In my 40-plus years on the river I have seen many things. But I don’t think I have ever seen as much rainfall and high-water conditions on the Ohio River as we have had in 2018 and early 2019.
We have experienced high water conditions and flooding on the Ohio before, but not for such an extended period of time. By December, parts of Kentucky had already received nearly 70″ of rainfall.
In the Cincinnati area where my company operates, we recently had a stage of 56′, which is four feet above flood stage (pool stage is 26′). At first glance, this might not sound so bad, until you learn that all of the flood gates on the Newport, Ky., side of the Ohio River have been closed for quite a while. Under these conditions, those who do business on the river side of the flood gates must scramble to get and maintain access over the flood walls. When the flood gates remain closed because of continuing high water conditions, it has a huge effect on our ability to operate.
What is different from the past and is rainfall the only culprit? Even with the record rainfall, I don’t think that rain by itself is the cause of our ongoing problem with high water. I think it is a combination of factors.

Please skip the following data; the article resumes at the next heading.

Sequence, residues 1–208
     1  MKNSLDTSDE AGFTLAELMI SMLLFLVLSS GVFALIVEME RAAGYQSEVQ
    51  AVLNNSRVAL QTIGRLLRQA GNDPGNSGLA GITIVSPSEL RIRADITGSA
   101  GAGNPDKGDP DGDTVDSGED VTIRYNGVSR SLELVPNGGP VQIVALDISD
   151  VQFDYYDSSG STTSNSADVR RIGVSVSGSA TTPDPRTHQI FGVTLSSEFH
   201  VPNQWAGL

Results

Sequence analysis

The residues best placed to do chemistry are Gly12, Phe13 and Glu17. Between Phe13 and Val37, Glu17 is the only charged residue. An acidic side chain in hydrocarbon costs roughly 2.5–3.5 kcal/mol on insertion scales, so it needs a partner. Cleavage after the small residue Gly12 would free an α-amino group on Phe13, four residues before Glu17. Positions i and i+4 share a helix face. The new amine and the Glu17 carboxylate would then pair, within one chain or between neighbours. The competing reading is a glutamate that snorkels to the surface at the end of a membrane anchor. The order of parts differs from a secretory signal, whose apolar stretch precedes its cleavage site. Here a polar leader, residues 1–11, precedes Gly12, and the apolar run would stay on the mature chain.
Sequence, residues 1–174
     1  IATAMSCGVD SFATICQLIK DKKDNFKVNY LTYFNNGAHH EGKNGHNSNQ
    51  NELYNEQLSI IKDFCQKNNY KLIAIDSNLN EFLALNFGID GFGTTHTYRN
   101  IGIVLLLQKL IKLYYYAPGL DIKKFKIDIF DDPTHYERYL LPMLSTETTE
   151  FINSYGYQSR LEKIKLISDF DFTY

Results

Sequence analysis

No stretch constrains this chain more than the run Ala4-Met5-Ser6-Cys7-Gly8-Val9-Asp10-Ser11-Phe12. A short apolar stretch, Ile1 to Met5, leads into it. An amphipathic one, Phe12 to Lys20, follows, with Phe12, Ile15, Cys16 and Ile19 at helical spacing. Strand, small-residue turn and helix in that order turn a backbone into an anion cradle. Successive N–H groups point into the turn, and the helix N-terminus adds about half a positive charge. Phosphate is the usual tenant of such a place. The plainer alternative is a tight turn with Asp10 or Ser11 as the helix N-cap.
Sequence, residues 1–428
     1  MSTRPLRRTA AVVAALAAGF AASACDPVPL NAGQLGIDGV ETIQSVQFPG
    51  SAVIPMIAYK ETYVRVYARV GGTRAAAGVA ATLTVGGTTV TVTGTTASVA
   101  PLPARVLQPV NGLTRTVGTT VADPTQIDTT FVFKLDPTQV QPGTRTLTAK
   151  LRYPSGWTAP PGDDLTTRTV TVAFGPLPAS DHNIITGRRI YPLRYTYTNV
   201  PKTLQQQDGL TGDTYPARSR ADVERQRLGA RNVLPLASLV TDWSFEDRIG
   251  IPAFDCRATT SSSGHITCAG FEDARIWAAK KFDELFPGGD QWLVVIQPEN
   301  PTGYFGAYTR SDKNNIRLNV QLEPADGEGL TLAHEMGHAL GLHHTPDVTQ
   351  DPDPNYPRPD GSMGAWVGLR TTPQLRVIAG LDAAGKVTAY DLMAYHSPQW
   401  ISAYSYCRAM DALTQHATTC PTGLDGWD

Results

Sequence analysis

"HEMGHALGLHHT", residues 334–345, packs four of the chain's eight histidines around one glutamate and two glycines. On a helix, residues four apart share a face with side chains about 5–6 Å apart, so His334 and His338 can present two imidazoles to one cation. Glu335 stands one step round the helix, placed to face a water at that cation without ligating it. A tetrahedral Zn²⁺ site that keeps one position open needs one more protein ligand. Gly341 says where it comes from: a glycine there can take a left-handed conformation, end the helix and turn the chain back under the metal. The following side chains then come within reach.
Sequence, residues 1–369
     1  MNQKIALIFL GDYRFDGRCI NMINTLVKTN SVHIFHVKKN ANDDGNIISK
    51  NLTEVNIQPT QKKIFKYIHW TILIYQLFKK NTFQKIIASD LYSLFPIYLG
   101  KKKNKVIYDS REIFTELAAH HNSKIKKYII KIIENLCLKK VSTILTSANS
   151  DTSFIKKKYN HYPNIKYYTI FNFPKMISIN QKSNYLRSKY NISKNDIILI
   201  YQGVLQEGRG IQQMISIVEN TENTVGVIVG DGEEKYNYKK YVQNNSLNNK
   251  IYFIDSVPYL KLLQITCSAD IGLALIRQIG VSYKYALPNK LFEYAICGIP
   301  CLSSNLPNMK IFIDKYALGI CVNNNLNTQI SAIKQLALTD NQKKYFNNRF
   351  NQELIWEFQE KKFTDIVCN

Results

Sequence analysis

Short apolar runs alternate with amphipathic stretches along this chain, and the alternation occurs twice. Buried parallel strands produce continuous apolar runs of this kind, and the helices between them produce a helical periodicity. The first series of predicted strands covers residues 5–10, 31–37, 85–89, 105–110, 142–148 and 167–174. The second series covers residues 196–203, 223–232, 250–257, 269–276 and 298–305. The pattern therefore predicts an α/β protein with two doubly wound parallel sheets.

Could it be global warming? Possibly. Could it be that cities and counties along the river have changed the way they manage water flow? This is a distinct possibility. For example, the municipal water and sanitation districts in my area have undertaken major construction projects to repair and expand the infrastructure that handles storm runoff, thereby increasing the volume of rainwater reaching the river.
To further compound this situation, riverfront development has exploded in many cities, which contributes to increased runoff. Previously undeveloped land that would have absorbed rainfall now provides a fast lane for water runoff into the rivers.
I don’t have any real answers at this point, only questions. But I believe strongly that the inland river industry, along with government experts, must begin looking at this situation and decide how we can manage what seems to be a growing problem on the rivers.